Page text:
Wombs with a view: Revolutionary four-dimensional imaging reveals spectacular photos of mammal embryos that already look just like mum
By Daily Mail Reporter
PUBLISHED: 12:36 EST, 25 August 2012 | UPDATED: 12:47 EST, 25 August 2012
They may grow to be very different beasts, but these breathtaking images reveal how surprisingly similar the beginning of life can be for the animal kingdom.
Captured using revolutionary four-dimensional scanning technology, scientists have managed to shed light on the world of mammals inside the womb.
As diverse a bunch as they are - elephant, dog, dolphin and penguin are all shown united by their similar stages of development.
An Asian elephant foetus after 12 months in the womb, catching some shut eye before she takes her first heavy steps in the world in just under a year's time. The gestation period for an elephant is 22 months
Paw-sing for thought: With tiny paws poised an unborn puppy looks already set to pounce as he reaches his full gestation period of around nine weeks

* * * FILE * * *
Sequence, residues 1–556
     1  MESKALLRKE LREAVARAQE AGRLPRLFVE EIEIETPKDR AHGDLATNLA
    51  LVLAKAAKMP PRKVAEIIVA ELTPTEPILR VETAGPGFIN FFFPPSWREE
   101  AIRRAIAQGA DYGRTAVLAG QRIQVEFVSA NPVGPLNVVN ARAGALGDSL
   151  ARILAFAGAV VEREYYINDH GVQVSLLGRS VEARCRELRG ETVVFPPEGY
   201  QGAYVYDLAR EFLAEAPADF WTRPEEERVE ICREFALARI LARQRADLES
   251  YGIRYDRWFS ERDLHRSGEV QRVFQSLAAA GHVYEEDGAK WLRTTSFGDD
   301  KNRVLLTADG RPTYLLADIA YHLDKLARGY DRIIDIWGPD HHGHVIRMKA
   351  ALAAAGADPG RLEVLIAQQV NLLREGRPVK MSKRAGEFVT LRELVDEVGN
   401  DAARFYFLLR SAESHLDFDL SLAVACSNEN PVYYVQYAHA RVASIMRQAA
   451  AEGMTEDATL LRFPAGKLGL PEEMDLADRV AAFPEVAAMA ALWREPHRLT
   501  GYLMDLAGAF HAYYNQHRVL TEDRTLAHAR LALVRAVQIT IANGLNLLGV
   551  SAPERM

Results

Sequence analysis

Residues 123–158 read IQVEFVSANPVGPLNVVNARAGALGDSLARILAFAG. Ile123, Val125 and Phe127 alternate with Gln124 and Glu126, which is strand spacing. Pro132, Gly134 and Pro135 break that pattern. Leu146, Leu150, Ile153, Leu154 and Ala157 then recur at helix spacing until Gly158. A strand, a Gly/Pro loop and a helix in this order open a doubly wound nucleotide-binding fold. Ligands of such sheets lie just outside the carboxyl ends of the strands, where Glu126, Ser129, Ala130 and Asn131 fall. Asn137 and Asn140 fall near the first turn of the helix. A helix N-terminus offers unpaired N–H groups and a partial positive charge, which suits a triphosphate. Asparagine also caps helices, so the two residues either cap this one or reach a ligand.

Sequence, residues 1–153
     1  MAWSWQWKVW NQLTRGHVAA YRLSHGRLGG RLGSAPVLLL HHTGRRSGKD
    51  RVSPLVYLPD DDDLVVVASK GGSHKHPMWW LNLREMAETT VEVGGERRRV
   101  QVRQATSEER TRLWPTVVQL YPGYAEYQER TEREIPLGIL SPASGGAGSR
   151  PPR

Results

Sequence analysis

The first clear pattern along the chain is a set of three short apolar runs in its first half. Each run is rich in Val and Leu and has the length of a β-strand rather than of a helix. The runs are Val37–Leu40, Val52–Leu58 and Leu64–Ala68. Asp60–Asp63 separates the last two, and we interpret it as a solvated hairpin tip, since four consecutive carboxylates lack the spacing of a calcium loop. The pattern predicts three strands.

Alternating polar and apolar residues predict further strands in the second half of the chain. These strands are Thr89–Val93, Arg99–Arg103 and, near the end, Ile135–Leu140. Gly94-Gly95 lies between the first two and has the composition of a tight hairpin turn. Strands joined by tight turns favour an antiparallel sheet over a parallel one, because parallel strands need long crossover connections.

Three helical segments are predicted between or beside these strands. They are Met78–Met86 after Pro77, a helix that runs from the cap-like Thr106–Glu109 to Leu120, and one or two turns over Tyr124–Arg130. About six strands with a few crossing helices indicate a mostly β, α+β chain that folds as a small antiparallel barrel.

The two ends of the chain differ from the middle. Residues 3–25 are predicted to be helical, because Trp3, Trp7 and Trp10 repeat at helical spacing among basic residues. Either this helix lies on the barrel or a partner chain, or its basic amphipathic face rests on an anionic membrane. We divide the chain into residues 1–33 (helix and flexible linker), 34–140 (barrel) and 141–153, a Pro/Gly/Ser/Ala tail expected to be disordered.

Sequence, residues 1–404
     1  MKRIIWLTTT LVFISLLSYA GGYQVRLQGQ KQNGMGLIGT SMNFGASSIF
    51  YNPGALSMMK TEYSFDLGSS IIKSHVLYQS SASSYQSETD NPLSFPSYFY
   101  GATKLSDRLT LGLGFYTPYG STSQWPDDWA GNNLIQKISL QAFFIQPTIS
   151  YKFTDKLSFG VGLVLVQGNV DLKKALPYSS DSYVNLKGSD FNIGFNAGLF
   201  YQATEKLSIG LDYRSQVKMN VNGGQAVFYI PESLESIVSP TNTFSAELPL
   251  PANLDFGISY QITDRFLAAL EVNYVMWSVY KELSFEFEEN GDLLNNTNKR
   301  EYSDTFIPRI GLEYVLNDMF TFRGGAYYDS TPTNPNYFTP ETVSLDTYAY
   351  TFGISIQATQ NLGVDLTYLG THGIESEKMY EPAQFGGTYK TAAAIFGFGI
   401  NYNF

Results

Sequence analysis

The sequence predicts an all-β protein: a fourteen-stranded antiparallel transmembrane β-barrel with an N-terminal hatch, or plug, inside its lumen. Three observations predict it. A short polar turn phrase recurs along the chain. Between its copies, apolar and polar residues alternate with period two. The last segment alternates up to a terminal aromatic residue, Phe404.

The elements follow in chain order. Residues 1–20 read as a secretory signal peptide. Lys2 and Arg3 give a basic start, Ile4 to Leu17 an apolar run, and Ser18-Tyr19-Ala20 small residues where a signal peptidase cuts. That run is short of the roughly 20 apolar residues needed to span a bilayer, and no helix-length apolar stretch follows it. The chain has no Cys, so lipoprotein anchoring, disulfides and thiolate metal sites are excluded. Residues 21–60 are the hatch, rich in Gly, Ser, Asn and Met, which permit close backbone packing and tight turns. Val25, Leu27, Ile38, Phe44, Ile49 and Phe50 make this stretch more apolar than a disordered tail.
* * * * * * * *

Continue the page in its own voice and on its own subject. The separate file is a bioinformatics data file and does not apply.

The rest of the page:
Say cheese: A baby dolphin seems to be smiling for the camera as he prepares for his big splash
Using revolutionary four-dimensional scanning technology, scientists have captured the images for a National Geographic Documentary called 'Extraordinary Animals in the Womb'.
They were captured by using a combination of three-dimensional ultrasound scans, computer graphics and small cameras to document the animals’ development from conception to birth, and give an unparalleled glimpse into a world that few of us would ever expect to see.
The images were also used on a Channel 4 documentary 'Animals in the Womb'.
The documentary explores the marked similarities between very different animals.
Sleepy?: A dog foetus could be mistaken for a fat in these ground breaking images. The animals - as diverse as they are - strike remarkably similar poses in the womb
Snug as a bug: A penguin curls up in it's mothers womb. The gestation period lasts about 63 days. The females then lay the egg and pass it on to the male penguin while they go off to feed.